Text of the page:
After losing a baby to SIDS, getting emotional support is critical. You may feel guilt as well as grief, and you'll be dealing with the mandatory police investigation into cause of death. You may find it comforting to talk to other parents whose lives have been touched by SIDS.
Your doctor may be able to recommend a support group in your area, or you can visit an online SIDS chat room. Talking to a trusted friend, counselor or clergy member may also help.
Communicate your feelings
If you can, let friends and family know how you're feeling. People want to help, but they may not know how to approach you.
As the baby's parents, be as open as possible with each other. Losing a child can put a terrible strain on a marriage. Counseling may help some couples understand and express their feelings.
Allow time for healing
Finally, give yourself time to grieve. Don't worry if you find yourself crying unexpectedly, if holidays and other celebratory times are especially difficult, or if you're tired and drained much of the time.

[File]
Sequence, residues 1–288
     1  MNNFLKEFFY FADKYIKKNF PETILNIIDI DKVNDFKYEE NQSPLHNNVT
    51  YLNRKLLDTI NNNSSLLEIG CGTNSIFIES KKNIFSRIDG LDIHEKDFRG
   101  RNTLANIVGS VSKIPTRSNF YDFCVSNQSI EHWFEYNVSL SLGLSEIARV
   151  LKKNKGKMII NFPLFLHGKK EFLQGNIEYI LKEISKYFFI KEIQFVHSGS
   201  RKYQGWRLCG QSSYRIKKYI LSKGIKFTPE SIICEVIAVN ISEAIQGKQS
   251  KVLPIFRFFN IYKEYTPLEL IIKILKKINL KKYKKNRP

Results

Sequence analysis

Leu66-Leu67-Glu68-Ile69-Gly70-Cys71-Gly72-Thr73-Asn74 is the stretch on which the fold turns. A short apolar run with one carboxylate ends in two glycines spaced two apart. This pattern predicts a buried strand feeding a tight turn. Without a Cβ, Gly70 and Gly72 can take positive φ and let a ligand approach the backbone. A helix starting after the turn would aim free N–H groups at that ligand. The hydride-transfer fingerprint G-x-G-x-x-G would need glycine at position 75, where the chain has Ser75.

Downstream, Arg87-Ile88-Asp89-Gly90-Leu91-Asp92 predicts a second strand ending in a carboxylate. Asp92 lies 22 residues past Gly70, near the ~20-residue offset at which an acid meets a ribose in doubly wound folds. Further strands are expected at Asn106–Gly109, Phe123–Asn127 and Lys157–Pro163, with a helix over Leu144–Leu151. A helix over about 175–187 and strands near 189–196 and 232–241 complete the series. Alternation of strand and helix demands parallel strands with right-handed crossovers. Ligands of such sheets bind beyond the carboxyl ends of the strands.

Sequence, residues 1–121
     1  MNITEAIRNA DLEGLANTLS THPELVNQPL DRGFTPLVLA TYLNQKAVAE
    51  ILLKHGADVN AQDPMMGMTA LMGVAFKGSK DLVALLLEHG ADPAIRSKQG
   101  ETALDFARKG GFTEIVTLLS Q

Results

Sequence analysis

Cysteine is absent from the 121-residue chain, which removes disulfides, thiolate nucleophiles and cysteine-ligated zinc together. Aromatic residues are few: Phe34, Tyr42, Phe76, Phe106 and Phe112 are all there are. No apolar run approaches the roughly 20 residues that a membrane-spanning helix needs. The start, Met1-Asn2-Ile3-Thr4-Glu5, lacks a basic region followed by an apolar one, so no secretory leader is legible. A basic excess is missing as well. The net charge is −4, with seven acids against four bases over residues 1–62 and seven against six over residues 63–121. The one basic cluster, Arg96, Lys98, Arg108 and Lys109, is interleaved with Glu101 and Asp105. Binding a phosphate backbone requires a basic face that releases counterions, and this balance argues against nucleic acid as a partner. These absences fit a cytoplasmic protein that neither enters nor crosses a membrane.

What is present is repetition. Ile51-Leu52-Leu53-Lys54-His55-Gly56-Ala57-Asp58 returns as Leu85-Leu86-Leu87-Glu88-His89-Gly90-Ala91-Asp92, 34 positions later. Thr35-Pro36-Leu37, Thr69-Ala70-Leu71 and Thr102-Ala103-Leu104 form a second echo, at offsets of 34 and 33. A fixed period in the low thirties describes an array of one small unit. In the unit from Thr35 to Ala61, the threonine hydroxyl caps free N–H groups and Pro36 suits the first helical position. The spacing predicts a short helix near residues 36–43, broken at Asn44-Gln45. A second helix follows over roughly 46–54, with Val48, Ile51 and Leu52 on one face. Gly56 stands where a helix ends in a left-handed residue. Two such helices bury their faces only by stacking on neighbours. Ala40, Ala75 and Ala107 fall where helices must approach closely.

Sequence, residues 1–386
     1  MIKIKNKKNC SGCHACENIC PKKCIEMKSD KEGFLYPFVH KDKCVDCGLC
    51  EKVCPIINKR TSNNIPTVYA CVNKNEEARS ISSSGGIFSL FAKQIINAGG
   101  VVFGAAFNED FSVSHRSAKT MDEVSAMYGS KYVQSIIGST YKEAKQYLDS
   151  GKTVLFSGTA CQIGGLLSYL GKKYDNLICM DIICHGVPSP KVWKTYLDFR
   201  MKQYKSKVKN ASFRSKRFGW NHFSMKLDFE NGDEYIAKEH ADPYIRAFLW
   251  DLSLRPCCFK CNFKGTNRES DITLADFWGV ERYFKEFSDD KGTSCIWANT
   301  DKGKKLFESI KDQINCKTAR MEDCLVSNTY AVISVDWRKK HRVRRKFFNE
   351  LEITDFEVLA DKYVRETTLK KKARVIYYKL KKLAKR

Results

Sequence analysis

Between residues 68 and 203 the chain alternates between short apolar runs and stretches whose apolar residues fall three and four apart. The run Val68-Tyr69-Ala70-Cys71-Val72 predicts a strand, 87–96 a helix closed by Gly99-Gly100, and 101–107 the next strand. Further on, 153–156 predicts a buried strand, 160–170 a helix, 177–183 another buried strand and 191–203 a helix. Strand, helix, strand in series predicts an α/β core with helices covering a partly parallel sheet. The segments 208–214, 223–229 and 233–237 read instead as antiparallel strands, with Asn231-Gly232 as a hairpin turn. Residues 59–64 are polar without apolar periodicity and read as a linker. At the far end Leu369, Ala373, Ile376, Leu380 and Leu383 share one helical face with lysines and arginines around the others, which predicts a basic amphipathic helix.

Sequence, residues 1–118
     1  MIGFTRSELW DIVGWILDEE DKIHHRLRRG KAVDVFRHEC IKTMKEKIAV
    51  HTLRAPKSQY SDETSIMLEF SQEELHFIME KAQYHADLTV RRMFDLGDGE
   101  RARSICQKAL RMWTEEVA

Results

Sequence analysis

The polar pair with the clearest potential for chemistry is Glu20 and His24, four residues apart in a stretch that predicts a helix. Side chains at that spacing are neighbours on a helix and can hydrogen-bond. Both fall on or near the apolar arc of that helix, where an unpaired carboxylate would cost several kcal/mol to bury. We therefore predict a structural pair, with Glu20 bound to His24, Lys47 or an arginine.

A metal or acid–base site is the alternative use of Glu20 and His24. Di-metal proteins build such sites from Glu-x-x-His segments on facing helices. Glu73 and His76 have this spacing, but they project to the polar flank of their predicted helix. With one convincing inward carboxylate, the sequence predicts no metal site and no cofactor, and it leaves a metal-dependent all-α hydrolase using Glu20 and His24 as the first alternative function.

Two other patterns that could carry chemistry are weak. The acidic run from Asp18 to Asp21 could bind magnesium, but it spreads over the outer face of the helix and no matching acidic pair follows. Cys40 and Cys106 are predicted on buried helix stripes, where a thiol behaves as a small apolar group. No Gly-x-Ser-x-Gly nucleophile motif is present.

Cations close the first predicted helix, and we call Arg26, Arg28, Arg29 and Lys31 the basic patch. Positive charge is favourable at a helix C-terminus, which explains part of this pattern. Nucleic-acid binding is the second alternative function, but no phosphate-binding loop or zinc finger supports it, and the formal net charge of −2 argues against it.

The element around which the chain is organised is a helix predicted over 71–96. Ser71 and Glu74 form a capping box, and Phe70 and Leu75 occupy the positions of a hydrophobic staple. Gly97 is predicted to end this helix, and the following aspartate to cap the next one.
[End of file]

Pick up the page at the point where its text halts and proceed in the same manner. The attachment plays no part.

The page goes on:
You're dealing with a devastating loss. Healing takes time.
Oct. 28, 2016
- Sudden infant death syndrome. American Lung Association. http://www.lung.org/lung-disease/sudden-infant-death-syndrome/. Accessed March 14, 2014.
- Task Force on Sudden Infant Death Syndrome. SIDS and other sleep-related infant deaths: Updated 2016 recommendations for a safe infant sleeping environment. Pediatrics. 2016;138:e20162938.
- Corwin MJ. Sudden infant death syndrome. http://www.uptodate.com/home. Accessed March 14, 2014.
- Wong CA, et al. American Indian and Alaska Native infant and pediatric mortality, United States, 1999-2009. American Journal of Public Health. 2014;104:S320.